“In the interest of reducing time, we are often asked to reduce or completely skip the final testing and QA process,” says Carie Hinton, Senior Director of Campaign Deployment & Monitoring Services at Oracle CX Marketing Consulting. “This is like running a race and stopping just short of the finish line. While the dividends realized from investments in testing and QA are often unseen, the impact of even the smallest error can be far-reaching. Most email recipients won’t notice if a mailing is slightly delayed, but they will notice if it has errors or doesn’t render or work properly. The time associated with correcting even a minor issue is far greater than the upfront investment made in proper testing and QA to avoid having issues.”
5. Reviews & Approvals
This is where you, your internal team, your external teams, and your managers review all the elements of the campaign and ultimately approve it to be sent. This process can take a surprising amount of time—and if your company is large, it can be an astounding amount of time because of the number of people and departments that may be involved.
By cutting back on the review and approval process, brands could be sacrificing some strategic alignment and could be letting some mistakes slip through. However, of all the parts of the email production process, this is the portion where the trade-offs are the least clear cut. That’s because we often see inefficiencies in reviews and approvals, such as overly long review cycles, too many review cycles, too many last-minute changes, and too many people signing off on emails.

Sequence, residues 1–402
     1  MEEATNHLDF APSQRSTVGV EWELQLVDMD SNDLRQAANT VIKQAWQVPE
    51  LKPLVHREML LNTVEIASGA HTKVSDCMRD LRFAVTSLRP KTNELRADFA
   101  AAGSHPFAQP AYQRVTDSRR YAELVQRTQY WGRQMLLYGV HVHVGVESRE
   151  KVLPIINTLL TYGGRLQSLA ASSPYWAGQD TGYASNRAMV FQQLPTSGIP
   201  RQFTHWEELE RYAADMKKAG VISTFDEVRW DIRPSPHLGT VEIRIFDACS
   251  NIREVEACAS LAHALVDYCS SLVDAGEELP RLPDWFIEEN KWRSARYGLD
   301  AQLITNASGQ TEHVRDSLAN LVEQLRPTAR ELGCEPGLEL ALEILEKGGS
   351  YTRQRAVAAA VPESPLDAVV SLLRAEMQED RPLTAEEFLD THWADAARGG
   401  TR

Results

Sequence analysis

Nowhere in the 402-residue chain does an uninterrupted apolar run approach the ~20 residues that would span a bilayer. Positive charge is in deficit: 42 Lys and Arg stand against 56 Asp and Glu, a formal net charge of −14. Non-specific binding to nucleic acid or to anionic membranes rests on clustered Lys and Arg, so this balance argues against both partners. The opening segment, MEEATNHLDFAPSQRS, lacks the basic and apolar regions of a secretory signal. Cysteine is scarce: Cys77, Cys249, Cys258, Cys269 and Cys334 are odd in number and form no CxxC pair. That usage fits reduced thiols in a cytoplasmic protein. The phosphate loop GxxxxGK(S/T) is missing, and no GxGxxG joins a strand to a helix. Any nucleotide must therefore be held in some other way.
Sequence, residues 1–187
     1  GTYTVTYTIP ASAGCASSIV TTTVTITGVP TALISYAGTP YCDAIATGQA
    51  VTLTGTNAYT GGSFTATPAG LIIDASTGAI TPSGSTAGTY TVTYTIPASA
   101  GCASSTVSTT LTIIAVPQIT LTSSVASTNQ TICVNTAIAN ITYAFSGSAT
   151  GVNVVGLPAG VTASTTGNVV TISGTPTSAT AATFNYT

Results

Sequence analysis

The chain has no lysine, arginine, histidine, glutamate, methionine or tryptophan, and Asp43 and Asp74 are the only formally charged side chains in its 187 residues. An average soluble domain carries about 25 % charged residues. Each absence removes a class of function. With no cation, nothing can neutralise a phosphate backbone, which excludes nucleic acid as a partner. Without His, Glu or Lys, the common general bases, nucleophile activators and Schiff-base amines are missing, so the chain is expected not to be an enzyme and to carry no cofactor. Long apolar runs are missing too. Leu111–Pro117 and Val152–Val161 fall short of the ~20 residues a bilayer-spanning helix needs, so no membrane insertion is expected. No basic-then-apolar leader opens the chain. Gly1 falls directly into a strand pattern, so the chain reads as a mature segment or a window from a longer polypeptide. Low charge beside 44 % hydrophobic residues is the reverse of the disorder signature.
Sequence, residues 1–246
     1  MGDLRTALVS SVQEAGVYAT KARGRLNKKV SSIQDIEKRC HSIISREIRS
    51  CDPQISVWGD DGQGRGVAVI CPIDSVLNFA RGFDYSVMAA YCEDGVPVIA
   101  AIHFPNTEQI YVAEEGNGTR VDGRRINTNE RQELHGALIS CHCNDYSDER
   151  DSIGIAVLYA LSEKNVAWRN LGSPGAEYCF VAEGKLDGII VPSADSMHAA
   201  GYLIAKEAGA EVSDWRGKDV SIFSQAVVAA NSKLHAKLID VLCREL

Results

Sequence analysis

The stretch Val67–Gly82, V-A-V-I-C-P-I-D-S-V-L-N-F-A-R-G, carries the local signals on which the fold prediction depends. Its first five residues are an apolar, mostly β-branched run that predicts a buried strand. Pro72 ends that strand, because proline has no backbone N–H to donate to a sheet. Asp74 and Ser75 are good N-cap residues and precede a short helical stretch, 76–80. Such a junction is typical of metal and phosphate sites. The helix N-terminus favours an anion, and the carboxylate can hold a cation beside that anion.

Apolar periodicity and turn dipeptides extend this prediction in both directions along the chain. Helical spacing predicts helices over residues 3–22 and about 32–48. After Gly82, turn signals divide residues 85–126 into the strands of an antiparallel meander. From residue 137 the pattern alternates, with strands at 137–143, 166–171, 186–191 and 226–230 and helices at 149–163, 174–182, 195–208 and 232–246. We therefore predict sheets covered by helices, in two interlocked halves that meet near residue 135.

Often these inefficiencies in reviews and approvals get worse during downturns and crises, says Wurm.
“When sales or engagement is down,” he says, “it’s every executive’s reaction to get more involved and insert themselves into the email process, which can slow things down at a time when you’re often looking for more nimbleness.”
If last-minute changes are being made, Wurm says that the team should ask themselves: What’s driving any decisions that are being made? Is it data or instinct? If it’s data, it is anecdotal or proven from testing? As much as possible, try to stay focused on what the data is telling you to do.
In tough times, agility is valuable. But make sure your eyes are wide open to the trade-offs you’re making when you cut back on parts of the email production process. Instead of big, unfocused cuts, try to make a bunch of surgical cuts to speed up your process. And make it a full-team effort, says Jason Witt, Senior Director of Creative Services at Oracle CX Marketing Consulting
“Look for opportunities to align workflows across different lines of businesses and different teams,” says Witt. “Make this time an opportunity to align resources and operations around email creative and development so speed to market improves when timing has become such a focus.
Want more advice on how to deal with crises? Check out these related posts:
Systemic Shocks: Adjusting Your Email Messaging in Times of Disruption
Disaster and Crisis Messaging Best Practices
How to Adjust Your Email Strategy When Coronavirus Restrictions Ease
8 Email Marketing Improvements to Make During Slow Periods
5 Ways Marketing and Sales Should Align During a Crisis or Disaster
Content Marketing During a Crisis or World Event
How to Handle a Social Media Crisis
Need help with your email production process? Oracle CX Marketing Consulting has more than 500 of the leading marketing minds ready to help you to achieve more with the leading marketing cloud, including Creative Services, Coding Services, and Campaign Deployment & Monitoring Services teams that can help you create and deploy your campaigns faster.